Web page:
To the cynic, Marvel Studios and Sony rebooting The Amazing Spider-Man, which was itself a reboot of the Sam Raimi Spider-Man trilogy, is a sign of the broken and deceased state of Hollywood film-making; to the optimist, it is a dream come true because of who is making it (Marvel Studios) and the other characters (Iron Man, Captain America, Hulk, etc.) who might be involved. Yes, only five years passed between Tobe Maguire’s last movie and Andrew Garfield’s first, and only two years will pass between Garfield’s last and his replacement’s cameo in Captain America: Civil War. However, isn’t this just the natural next step in the evolution of comic book movies whereby the films are beginning to resemble the jumbled and confusing continuities of the actual comics, which routinely reboot things and feature multiple versions of the same character going at the same time in different continuities? Now that Marvel Studios and Kevin Feige are involved we’re finally going to get the real Spider-Man, riffing on the bad guys, hanging out with Tony Stark and the Avengers. Right?
Personally, I am stuck somewhere in the middle of being cynical and optimistic about all of this. That’s largely how I felt when reading this weekend’s parade of quotes from Kevin Feige about their approach to the new Spider-Man. So, here’s the good and bad of what they’re going to do:
The Good – There’s No Need for Yet Another Origin Story
Last year, Devin Faraci of BadAssDigest heard that starting with Doctor Strange Marvel Studios is doing away with origin stories. That prompted fair questions, such as can someone like Doctor Strange actually get away with simply being introduced as is? There are only a handful of characters well known enough for that, and Spider-Man is arguably one of them along with Superman and Batman. Nerd, bitten by radioactive spider, gets powers, lets Uncle Ben die, fights crime, Tobe Maguire’s spider-bite being an accident and Andrew Garfield’s being tied to some convoluted, drawn-out conspiracy. Why not just skip all that? Kevin Feige agrees, telling CraveOnline:
“In Spider-Man’s very specific case, where there have been two retellings of that origin in the last whatever it’s been – [thirteen] years – for us we are going to take it for granted that people know that, and the specifics. It will not be an origin story.”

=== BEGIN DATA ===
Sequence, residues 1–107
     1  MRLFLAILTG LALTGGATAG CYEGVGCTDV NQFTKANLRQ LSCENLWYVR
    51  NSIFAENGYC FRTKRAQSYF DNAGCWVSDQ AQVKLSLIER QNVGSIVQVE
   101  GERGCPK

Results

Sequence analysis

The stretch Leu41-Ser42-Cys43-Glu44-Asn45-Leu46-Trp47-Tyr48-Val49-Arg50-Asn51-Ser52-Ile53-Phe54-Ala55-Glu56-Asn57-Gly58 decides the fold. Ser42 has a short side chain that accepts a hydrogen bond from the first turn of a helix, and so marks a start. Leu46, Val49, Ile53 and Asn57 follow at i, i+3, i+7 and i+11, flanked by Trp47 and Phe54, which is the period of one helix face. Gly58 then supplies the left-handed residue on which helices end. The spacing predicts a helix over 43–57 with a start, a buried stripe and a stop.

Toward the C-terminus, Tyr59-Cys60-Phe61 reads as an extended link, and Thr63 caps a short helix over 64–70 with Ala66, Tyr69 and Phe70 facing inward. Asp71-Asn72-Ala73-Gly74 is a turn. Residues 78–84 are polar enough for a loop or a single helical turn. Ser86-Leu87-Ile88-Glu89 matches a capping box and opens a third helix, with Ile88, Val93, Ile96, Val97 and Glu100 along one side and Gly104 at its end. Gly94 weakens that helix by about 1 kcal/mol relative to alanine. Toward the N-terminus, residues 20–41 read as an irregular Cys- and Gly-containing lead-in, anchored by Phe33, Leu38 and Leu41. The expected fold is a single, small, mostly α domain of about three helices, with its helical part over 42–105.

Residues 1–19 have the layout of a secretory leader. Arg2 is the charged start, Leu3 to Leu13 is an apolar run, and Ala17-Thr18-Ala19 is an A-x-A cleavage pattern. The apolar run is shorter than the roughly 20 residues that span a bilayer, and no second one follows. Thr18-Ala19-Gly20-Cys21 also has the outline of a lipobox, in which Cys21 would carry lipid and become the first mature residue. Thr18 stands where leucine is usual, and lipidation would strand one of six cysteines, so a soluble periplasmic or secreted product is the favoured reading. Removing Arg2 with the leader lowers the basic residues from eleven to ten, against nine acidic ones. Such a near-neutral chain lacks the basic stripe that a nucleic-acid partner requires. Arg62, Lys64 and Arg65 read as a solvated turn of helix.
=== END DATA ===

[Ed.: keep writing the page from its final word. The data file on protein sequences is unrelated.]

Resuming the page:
Intended franchise-starting superhero movies which skip the origin story are very rare (e.g., Superman Returns, the first X-Men, the 1989 Batman kind of does, using flashbacks to fill in the background), but the new Spider-Man would be wise to joint that list.
The Bad – Actually, I don’t see a downside to this approach
Completely skipping Uncle Ben’s “With great power…” line might rob Peter of his moral underpinning, but they can easily sneak something like that into a flashback scene. Plus, the absolute youngest members of the audience might not actually know the origin story, which is only a concern because Spider-Man historically skews so young. Otherwise, I am totally on board with skipping the origin story.
The Good – Making Him a Teenager in High School
Feige told Collider:
“I think it was midway through the first film that he graduated high school. At the beginning of the second Marc Webb film, he graduated high school. And some of my favorite Spider-Man arcs and Spider-Man stories, he’s in high school for a lot of it. We want to explore that. That also makes him very, very different from any of our other characters in the MCU, which is something else we want to explore: how unique he is when now put against all these other characters.”
While talking to CraveOnline, he praised the prior films for their approach to the look of the characters, emotions, and love interests, but argued they all failed to fully explore “the notion, as the comics did for many, many years, as Ultimate Spider-Man did for ten years, [of] a much younger version of Spider-Man than we’ve seen in the movies. [The previous films] get him in and out of high school really fast.”